A Recollection and Revelation of a Childhood's Well-Kept Secret
“My God, what are we going to do?” I panicked as my nine-year-old big brother, Manong Pericles, and my eleven-year-old Auntie Estrella, tried to push the heavy pole away from Bantay after he was fatally hit with it when it fell to the ground. The poor dog didn’t stand a chance.
He seemed to enjoy watching the three of us, rambunctious kids, play in our front yard. He was always following us around when he wasn’t with Tatay Kokoy, our grandpa, on a hunting trip.
Being bored playing inside the house, Manong Pericles and Auntie Estrella called me out to play. Actually, Manong needed help to pull the basketball pole back up so he can shoot hoops. It had been knocked down by the heavy rain and fierce wind that came through three days prior. In fact, the water in the river was still high and some of our neighbor’s pets drowned there.
“Go to the top end and push it up while I hang on to it in the middle,” Manong ordered Auntie. Trying to be as much help as I could be, I assisted my auntie push the pole from the top.
“Bantay, get out. You’re in the way. You’ll get crushed if this pole falls on you,” I said.
Half-way up in the air, Auntie said, “Stop. It’s heavy. Let me put it down first.”
Unable to balance herself, the pole slipped off her arms and fell.
“My God! Bantay is under the pole!” I yelled.
We all panicked when we saw his lifeless body underneath the pole.
We’ll be in for a big whipping when Tatay finds out.
“Okay. Push that pole away and pull him out. We’ll take him to the river,” my Auntie announced.
“And nobody better says a word, otherwise, we’ll have sore behind tonight,” she warned us.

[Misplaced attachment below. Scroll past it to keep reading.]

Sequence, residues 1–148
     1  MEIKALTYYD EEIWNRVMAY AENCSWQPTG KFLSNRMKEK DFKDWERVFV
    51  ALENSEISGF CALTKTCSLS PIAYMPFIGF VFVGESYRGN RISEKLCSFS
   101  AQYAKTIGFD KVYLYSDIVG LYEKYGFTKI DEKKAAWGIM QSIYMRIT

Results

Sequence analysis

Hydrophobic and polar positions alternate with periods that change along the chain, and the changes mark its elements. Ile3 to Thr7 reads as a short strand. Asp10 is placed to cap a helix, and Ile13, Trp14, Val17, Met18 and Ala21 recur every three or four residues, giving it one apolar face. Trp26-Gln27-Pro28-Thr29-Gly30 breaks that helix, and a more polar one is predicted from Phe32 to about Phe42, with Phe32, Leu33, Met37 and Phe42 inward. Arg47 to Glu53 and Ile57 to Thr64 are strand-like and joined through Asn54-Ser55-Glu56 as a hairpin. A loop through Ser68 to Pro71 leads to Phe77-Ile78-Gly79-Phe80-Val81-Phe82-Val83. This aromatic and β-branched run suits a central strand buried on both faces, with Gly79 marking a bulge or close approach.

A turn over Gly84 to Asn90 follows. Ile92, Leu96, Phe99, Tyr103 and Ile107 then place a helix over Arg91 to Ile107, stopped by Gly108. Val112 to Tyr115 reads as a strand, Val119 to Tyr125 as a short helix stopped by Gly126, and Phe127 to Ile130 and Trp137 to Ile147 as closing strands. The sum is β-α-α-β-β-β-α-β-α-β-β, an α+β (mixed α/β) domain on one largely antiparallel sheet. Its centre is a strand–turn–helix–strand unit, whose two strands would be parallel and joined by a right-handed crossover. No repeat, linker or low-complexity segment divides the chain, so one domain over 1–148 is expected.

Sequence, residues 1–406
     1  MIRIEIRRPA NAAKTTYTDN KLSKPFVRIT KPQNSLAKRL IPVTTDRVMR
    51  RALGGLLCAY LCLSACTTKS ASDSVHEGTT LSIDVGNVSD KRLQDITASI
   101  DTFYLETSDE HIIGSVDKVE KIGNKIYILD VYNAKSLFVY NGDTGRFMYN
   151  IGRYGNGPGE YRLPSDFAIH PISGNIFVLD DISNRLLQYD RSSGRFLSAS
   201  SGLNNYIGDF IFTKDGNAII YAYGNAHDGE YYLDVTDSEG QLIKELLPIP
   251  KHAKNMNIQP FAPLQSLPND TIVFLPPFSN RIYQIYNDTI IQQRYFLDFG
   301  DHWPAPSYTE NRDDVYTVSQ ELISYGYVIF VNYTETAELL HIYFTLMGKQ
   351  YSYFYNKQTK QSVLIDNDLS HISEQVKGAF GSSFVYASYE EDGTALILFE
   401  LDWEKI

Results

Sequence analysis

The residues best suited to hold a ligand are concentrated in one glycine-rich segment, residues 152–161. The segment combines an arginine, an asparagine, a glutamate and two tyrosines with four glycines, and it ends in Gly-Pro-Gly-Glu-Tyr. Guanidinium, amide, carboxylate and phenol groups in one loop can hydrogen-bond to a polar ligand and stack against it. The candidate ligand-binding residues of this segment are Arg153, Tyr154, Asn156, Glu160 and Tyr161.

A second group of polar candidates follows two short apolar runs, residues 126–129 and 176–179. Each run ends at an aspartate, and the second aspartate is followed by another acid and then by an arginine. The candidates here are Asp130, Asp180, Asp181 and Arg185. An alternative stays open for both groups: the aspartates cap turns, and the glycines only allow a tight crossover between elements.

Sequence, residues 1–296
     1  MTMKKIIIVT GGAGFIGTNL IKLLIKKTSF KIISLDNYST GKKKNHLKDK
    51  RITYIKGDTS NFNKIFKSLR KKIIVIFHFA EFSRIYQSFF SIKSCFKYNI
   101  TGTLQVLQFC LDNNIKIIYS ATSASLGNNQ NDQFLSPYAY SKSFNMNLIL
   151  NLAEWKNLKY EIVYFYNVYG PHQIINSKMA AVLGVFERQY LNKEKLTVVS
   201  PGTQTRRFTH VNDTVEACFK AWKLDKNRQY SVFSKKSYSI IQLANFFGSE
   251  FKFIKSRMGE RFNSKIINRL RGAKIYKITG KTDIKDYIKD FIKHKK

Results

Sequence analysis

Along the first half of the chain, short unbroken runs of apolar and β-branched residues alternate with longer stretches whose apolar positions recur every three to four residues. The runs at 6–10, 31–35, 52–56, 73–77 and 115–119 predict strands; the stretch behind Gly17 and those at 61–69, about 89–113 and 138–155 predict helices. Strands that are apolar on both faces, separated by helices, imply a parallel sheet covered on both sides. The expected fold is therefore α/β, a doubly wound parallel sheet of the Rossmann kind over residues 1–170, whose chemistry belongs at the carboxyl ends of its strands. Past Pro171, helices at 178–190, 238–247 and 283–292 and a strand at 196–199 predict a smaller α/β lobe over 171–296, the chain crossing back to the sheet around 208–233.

At dinnertime, as we gathered around the table, Tatay did not see Bantay. He always comes to the table because Tatay feeds him off his plate. That’s how attached Tatay was to Bantay.
“Bantay, where are you? Come here,” he called.
We were all quiet. We pretended we did not hear as we continued to eat.
“Does anybody know where Bantay is?” Tatay said.
“No,” we all said.
“Where could he have wandered off?” Tatay said. He went outside, calling him. That dog would have run to the master by the sound of his voice and by his whistle but there was no sign of him around. So, he came back inside the house and instructed us to look for him in the morning.
“Maybe he went to the river and was swept away by the flood?”
Nobody dared to say a word.
He had no other sensible answer but to assume that Bantay must have wandered off to the river and drowned or eaten by a crocodile in search for prey on dry land.
I was only six years old when this happened. Albeit, this image floats fresh in my memory on occasion even to this day in my senior years, like the other night.
I was half awake and half asleep, when this scenario came back to me. Then it dawned on me that perhaps Grandpa never found out what really happened to his hunting dog.
So, I called my auntie Estrella in the morning.
“Auntie, remember Tatay’s dog, Bantay?”
“I can’t believe you still remember that…That was many, many moons ago.”
“How can I forget? The poor dog got smashed to death and we threw him in the river to cover each other’s back. I want to write about it and include it in my memoirs to show what we got away with as children.”
“We were just kids and we were into everything.”
“Well, what I want to know is this: Did Tatay ever find out what really happened?”
“Not that I know of. I was the oldest and I protected you two little ones from the horsewhipping we would have gotten had he known. I never said a word and the topic never came back.”
“So, Tatay went to the grave without ever knowing! Wow! I can’t believe it!”